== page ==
We Don’t Live Here Anymore (8/10)
2004 by Tony Medley
Based on two short
stories by Andre Dubus, this examines infidelity from male and female
points of view. Jack Linden (Mark Ruffalo) and his wife Terry (Laura
Dern) are best friends with Hank Evans (Peter Krause) and his wife Edith
(Naomi Watts.. If one line can sum up a story, it’s when Edith tells
Jack, “Even adultery has a morality to it.”
As the film starts,
Jack is involved in a torrid, clandestine affair with Edith. Terry is
still hopelessly in love with Jack, but she is apparently a slob.
She’s a good mother to their two children, but the house is a mess.
Jack is insufferably cruel to Terry. In fact, Jack comes across as one
of the more hateful characters in recent movies. He’s cheating on his
wife but, when she tells him that Hank made a move on her, he constantly
puts her on the defensive, especially when she pleads for his love.
Jack’s cruel, hypocritical irrationality towards Terry reminded me of
Martha (Elizabeth Taylor) in Who’s Afraid of Virginia Woolf (1966).
On the other side, Hank doesn’t seem to mind whatever Edith wants to
Terry and Edith are
best friends but emotional opposites. While Terry is slovenly when it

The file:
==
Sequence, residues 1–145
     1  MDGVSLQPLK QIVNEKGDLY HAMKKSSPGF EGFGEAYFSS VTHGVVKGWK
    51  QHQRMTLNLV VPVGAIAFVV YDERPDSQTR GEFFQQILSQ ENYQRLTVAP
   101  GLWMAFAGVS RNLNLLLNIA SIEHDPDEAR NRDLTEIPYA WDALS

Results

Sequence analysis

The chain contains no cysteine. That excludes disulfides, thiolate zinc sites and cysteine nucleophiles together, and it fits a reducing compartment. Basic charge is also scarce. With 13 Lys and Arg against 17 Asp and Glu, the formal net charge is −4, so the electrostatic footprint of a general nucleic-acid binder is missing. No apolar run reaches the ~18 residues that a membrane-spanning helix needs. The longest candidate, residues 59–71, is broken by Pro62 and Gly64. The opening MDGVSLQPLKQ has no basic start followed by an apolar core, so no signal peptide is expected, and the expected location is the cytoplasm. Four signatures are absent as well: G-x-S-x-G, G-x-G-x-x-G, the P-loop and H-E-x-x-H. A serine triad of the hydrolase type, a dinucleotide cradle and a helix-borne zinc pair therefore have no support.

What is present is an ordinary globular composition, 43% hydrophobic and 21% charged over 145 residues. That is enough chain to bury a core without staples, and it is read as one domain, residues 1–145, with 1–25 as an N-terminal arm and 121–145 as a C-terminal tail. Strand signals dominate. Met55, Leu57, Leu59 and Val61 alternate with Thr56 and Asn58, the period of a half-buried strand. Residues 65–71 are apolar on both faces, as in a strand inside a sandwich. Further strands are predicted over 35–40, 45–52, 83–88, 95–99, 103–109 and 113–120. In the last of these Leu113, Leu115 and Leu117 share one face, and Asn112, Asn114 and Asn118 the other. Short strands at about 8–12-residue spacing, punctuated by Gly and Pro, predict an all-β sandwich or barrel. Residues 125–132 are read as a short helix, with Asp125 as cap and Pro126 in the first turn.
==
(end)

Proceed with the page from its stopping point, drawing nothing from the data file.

comes to housekeeping, Edith is perfection. What they have in common is
that both seem to be ignored by their husbands, a fact that drives each
into the arms of their best friend’s husband.
Hank and Jack are
also best friends, both teachers at a small New England college. Hank is
a writer suffering from writer’s block. Hank and Edith’s daughter,
Sharon (Jennifer Bishop), is an unsmiling delight.
One thing that
detracts from the film for me was Naomi Watts’ inability to cry tears.
This seems to be epidemic among Hollywood actors, led by Sean Penn, who
don’t have this skill. If I’m a director and I want an actor to cry,
that’s one of the things I test for. If the actor can’t do it, I
either dump the scene or get another actor. Alternatively, there should
be some tricks they can use to create tears. If they can make Spiderman
fly, why can’t they get Sean Penn and Naomi Watts to cry? It ruins the
scene, if not the movie, to see someone moan and wail, as Watts does
here, with dry eyes.
Another absurdity of
this film, and it is once again the fault of the director (John Curran),
occurs whenever Jack and Hank jog, which they do regularly. The only
problem is that they aren’t jogging, they’re sprinting. The longest
an Olympic class athlete can sprint is the 400-meter race. Even when
competing in the 800 meters (a half mile, roughly) the runners pace
themselves and only run full out the
last 100-150 meters. But every time we see Hank and Jack “jogging,”
they’re running hell-bent for election.
is not for children as there are some graphic depictions of sex,
although no nudity. Regardless, this is a good, tight script (Larry
Gross) telling an involving story that’s certainly relevant to our
July 24, 2004